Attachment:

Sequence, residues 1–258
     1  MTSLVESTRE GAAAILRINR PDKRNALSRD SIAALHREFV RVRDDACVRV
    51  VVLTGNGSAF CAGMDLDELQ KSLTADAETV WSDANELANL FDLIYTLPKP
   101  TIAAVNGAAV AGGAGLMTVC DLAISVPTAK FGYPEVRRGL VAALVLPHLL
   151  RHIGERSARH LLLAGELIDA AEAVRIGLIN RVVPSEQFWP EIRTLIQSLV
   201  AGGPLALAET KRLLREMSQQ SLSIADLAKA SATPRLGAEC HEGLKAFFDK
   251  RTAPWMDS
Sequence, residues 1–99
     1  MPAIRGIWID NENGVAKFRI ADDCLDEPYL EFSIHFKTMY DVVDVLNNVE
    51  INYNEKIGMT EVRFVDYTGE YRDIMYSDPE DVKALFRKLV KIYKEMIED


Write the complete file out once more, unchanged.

Sequence, residues 1–258
     1  MTSLVESTRE GAAAILRINR PDKRNALSRD SIAALHREFV RVRDDACVRV
    51  VVLTGNGSAF CAGMDLDELQ KSLTADAETV WSDANELANL FDLIYTLPKP
   101  TIAAVNGAAV AGGAGLMTVC DLAISVPTAK FGYPEVRRGL VAALVLPHLL
   151  RHIGERSARH LLLAGELIDA AEAVRIGLIN RVVPSEQFWP EIRTLIQSLV
   201  AGGPLALAET KRLLREMSQQ SLSIADLAKA SATPRLGAEC HEGLKAFFDK
   251  RTAPWMDS
Sequence, residues 1–99
     1  MPAIRGIWID NENGVAKFRI ADDCLDEPYL EFSIHFKTMY DVVDVLNNVE
    51  INYNEKIGMT EVRFVDYTGE YRDIMYSDPE DVKALFRKLV KIYKEMIED